Sightings in Nebraska
roosts were reported in Nebraska this week. With tens of thousands of
butterflies, they were the largest yet of the season. The discovery fascinated
and delighted the observers:
first we saw the trees moving not knowing what it was. Then when we
saw what it was we were amazed," began Mr. Bussey. Mrs. Bussey
continued, "As the sun began to set it was shining on the trees
right on the edge of the alfalfa field. The monarchs all seemed to come
out of the grove to lite on those outside trees to get the warmth of
the setting sun. The trees were completely orange until they closed
Farmers, and Flowering Alfalfa
Both of the Nebraska roosts were found near blooming alfalfa
fields. Farmers grow the alfalfa for hay. They typically cut alfalfa just
as it begins to bloom, for the highest nutritional value. However, if
they don't cut alfalfa in time, the flowers bloom and the alfalfa nectar
becomes a welcome source of food for migrating monarchs. During fall migration,
monarchs must cross hundreds of miles of crop land in the central United
States. If farmers knew the monarchs were coming, they might be willing
to leave some flowering alfalfa for the butterflies!
Arrivals in the South
Unusually early monarchs continue to be reported as far south
as Texas. "This push of monarchs is well before the normal migration
that crosses the Red River (into Texas) in late September and early October,"
said insect biologist, Mike Quinn.
Beware! Monarchs or Queens?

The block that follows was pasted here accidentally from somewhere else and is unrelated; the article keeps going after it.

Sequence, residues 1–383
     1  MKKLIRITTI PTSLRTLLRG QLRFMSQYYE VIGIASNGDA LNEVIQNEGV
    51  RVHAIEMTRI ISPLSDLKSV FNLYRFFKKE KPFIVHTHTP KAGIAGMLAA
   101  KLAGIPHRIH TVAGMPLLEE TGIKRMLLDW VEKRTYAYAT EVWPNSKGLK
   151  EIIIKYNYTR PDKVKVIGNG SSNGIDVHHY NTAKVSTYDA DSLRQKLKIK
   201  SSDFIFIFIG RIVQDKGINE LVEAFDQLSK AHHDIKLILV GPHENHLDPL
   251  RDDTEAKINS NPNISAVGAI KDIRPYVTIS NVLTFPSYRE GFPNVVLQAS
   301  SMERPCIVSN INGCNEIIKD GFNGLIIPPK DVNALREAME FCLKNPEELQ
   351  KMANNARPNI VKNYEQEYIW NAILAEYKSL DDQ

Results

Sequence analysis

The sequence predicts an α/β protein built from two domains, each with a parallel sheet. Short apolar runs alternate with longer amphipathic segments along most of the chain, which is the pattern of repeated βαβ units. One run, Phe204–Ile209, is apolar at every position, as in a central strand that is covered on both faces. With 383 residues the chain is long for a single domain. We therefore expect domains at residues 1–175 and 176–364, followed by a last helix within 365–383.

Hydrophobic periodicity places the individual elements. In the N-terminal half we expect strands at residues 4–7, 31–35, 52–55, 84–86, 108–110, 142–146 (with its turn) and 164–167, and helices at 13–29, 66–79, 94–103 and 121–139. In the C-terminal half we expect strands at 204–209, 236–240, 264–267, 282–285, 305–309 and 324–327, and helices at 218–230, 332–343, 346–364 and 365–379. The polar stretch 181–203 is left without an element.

Close relatives of the Monarch, called Queens, are among the butterflies
people are spotting.
could Queens be confused with Monarchs? Look at this occurence
map and find out.
- How do
Queens compare to Monarchs? Use this Venn
diagram with pictures to compare and contrast Monarchs and Queens.
courtesy of Mr. Fred Alley
and Monarchs Sharing Resources
How can humans and monarchs meet their basic survival needs with limited
resources to share? Read the first-hand observations below and think about
- What new
information did you learn about monarchs and their migration needs?
- How could
people use this information to invent creative conservation solutions?
in Hay Bales
Before alfalfa is cut for hay, the alfalfa flowers can be an important
source of food for migrating monarchs.
As you embark on your journey with the monarchs, invite students
to begin building scientific journals. Page by page, the journal
is a workplace where students explore ever-changing events, record
compelling questions, formulate hypotheses, document discoveries,
and chronicle each step of their learning journey.
are the four basic journal pages you'll find in
each update, plus Teaching Suggestions:
Butterfly Migration Updates Will be Posted on THURSDAYS: Aug. 27, Sep.
3, 10, 17, 24, Oct. 1, 8, 15, 22, 29, Nov. 5...or until the monarchs reach
Next Monarch Migration Update Will Be Posted on September 10, 2009.